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Nuts for Nationwide: Gearing up for 2015 Changes

The 2015 season is rapidly approaching, and a new year is often accompanied by changes. Sometimes, enhancements are necessary. Other times, not so much. At the conclusion of this year, NASCAR will have a new title sponsor for their second-tier division with Comcast’s XFINITY product taking over for Nationwide Insurance. But with the change of logos is going to come a new qualifying procedure.

This year, the top 30 cars in the season’s owner point standings were locked into each race. Positions 1-30 have been locked into each race during qualifying, but for those qualifying 31st or worse – they were not guaranteed a spot in the starting lineup if more than 40 cars were entered. The remaining 10 positions were determined by owner points if anyone had to go home. If not, the lineup stayed as they qualified, but things will be different next year.

On Wednesday, NASCAR announced changes to their qualifying format. Ones that weren’t really necessary, but are believed to create a higher level of intensity in qualifying. Positions 1-33 will be locked into the race during qualifying. However, there will no longer be a top-30 owner points rule. The final seven positions will be determined by the highest ranked drivers in the owner standings, or if there is a past champion that did not qualify inside of the top 33, that driver will take the final spot in the field.

This change likely won’t have much of an effect on the teams that are inside of the top 20 in points. But for a team like The Motorsports Group, who runs two full-time cars with one of them being a start-and-park effort, they might have a better chance at racing because they’ll have three extra spots to make the race compared to 2014.

“I think it’s good for some of the smaller teams on the Nationwide side mainly because it allows us to qualify a little bit further back in the pack,” said Ryan Ellis, who races the No. 46 car for The Motorsports Group. “With the new procedures, it should make it a little bit easier for us to make the races as a smaller team. I think a lot of the team owners that are barely holding onto a top-30 points position to race and try to sell that locked in seat to a driver will go away.”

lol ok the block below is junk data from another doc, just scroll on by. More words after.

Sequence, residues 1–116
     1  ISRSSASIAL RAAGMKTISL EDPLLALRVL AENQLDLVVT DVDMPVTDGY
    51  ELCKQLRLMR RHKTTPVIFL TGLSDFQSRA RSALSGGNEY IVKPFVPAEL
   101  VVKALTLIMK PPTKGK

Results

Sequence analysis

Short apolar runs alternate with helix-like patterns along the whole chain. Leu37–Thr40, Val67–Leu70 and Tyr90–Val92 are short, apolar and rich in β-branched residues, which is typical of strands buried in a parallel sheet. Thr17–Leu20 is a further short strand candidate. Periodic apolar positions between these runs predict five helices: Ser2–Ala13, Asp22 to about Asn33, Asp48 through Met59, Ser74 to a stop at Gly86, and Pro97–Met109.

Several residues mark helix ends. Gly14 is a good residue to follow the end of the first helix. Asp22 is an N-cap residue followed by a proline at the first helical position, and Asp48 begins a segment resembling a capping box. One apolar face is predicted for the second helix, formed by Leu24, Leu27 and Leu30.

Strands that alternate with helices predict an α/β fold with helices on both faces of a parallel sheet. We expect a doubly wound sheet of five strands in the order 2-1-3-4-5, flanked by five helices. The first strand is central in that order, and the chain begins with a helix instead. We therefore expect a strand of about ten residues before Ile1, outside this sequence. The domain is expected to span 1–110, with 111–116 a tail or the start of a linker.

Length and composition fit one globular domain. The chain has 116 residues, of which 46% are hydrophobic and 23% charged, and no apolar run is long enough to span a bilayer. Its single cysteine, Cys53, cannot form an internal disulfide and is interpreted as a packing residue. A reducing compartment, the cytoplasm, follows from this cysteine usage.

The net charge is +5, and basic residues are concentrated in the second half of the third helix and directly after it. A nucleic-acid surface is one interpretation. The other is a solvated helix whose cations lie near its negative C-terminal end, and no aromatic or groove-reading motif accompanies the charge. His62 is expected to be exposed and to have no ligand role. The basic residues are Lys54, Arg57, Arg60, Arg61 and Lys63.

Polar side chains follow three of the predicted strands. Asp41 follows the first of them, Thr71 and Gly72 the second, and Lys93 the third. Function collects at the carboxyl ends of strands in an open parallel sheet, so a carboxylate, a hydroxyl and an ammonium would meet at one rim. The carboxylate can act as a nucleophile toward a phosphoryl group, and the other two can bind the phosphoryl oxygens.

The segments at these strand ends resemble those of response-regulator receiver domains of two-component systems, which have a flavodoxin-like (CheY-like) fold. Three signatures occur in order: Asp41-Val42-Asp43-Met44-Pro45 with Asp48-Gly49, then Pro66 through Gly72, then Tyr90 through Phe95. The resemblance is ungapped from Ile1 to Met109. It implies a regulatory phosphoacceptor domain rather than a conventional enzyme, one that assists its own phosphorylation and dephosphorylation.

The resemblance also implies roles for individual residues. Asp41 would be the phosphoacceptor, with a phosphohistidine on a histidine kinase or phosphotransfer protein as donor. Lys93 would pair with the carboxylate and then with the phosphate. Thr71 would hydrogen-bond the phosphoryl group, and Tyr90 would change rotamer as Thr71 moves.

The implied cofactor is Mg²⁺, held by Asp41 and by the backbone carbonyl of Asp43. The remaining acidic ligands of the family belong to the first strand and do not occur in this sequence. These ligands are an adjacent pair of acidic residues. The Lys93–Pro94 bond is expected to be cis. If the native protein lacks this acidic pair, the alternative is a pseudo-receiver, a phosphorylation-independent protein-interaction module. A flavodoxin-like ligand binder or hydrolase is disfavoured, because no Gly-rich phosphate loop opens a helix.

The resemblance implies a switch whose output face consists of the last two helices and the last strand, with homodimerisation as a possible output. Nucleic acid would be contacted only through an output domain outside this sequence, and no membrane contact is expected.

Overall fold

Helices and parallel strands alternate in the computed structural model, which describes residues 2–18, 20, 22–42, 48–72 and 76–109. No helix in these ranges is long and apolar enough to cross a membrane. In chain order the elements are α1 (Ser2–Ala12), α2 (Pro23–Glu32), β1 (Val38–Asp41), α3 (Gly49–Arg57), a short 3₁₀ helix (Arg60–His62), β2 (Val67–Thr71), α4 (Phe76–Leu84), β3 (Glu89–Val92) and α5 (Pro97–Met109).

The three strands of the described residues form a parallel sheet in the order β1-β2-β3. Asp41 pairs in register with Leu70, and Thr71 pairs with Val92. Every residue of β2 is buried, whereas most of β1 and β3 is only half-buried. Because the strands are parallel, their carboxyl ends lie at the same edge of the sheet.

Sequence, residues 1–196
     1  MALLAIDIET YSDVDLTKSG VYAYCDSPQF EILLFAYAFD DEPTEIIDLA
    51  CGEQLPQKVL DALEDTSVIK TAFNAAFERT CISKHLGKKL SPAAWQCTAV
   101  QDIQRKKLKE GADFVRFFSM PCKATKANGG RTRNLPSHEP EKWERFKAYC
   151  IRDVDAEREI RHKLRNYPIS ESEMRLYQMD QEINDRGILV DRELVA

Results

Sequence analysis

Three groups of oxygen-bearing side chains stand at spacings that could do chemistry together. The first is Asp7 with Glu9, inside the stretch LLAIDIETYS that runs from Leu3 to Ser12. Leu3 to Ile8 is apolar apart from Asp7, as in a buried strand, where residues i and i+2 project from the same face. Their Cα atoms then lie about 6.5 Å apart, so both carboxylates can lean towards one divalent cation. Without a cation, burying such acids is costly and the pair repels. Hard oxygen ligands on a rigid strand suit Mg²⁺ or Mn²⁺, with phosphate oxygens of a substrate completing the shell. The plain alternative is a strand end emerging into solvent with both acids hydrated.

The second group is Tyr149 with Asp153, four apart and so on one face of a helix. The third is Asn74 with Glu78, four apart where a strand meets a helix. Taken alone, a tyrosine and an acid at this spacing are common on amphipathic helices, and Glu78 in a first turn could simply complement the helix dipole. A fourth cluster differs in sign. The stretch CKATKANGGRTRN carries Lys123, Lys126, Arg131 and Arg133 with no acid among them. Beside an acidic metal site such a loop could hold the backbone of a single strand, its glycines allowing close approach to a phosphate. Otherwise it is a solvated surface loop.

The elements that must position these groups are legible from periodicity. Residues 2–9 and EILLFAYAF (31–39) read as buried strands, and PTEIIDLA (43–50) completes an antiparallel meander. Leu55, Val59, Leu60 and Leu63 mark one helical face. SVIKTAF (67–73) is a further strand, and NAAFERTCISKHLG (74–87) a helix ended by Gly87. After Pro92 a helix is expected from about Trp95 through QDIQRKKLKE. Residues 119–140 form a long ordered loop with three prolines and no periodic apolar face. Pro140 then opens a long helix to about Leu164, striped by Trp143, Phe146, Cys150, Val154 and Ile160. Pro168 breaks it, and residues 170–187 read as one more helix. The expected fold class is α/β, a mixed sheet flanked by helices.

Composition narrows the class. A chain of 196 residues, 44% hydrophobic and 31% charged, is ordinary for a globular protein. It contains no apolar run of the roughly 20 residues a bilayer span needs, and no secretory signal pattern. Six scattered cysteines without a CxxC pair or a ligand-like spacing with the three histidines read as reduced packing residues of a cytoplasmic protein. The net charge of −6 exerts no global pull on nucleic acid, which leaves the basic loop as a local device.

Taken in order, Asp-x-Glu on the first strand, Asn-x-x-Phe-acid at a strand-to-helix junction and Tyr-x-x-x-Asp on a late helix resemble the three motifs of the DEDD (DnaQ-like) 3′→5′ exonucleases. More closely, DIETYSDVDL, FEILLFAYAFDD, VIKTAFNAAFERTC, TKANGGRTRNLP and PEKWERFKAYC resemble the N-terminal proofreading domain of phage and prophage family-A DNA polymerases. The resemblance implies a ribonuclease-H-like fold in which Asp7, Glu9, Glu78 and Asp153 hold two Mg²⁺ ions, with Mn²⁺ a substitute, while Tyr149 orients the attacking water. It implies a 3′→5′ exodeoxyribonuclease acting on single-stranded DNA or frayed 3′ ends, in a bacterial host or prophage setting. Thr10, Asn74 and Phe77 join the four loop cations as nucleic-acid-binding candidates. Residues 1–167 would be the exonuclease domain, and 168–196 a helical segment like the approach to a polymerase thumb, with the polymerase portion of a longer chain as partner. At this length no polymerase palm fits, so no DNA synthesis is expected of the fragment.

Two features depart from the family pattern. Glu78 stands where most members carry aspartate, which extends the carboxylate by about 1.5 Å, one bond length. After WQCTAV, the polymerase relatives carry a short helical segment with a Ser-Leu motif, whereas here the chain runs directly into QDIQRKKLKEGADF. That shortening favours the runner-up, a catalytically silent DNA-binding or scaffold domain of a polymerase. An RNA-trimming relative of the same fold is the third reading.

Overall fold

Vision Racing’s Tanner Berryhill DNQ’d for three events thus far in 2014, but he also qualified 34th or worse in four contests, which would put him in serious jeopardy of missing races since his No. 17 team is 35th in owner points. If this team returns in 2015, they’ll likely be banking on having just 40 cars entered in each race.

Through 30 of the 33 events this season, there have been four short fields. The only races where drivers missed the event were at both Daytona and Bristol events, Talladega, Michigan, Kentucky in June, Indianapolis, Richmond in September, Chicagoland, Kentucky in September, Dover, Kansas and Charlotte.

Could shortening the field in the Nationwide Series make the races more competitive? (Credit: CIA)
Could shortening the field in NASCAR’s second-tier division make the races more competitive? (Credit: CIA)

This new qualifying rule is going to make things hectic for the teams at the back of the pack with more than 40 cars on the entry list. Some of them can’t afford to miss a race. But with short fields in several races, it might be time to reduce the starting lineup once again.

After the 2012 season, NASCAR reduced the fields in the Nationwide Series from 43 cars to 40. But with two short fields last year and an increasing amount possible next year, the sport needs to reconsider the size of how many cars should race in their second-tier division.

The sanctioning body announced that the Camping World Truck Series field would decrease from 36 to 32 trucks in 2015, but why not make changes to the Nationwide Series? With a new sponsor coming in, it would be the perfect time to change the on-track product. The series has been under heat for a lack of competition due to the dominance by Cup Series drivers racing in this division.

“I agree with what they did for the Truck Series since they have less than the maximum of 36,” Ellis continued. “On the Nationwide side, there are going to be some races where you have less than 40 cars, but overall – we have 40 to 42 cars on most weekends. You don’t want to hurt some of the smaller teams by sending them home. It’s good to have a balance where there are a few teams that are getting sent home, but we also don’t want short fields.”

But lowering the amount of cars on the starting grid could make the competition tighter. Not only would it eliminate some start-and-park teams, but with two or three fewer vehicles on track, there is a chance that it could make the teams are the rear of the field more competitive. Instead of having cars being lapped within 20 laps, maybe the leaders will catch the slower cars after 30 or 40 laps, which would make things more exciting in the middle of the pack.

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Linwood Hawe

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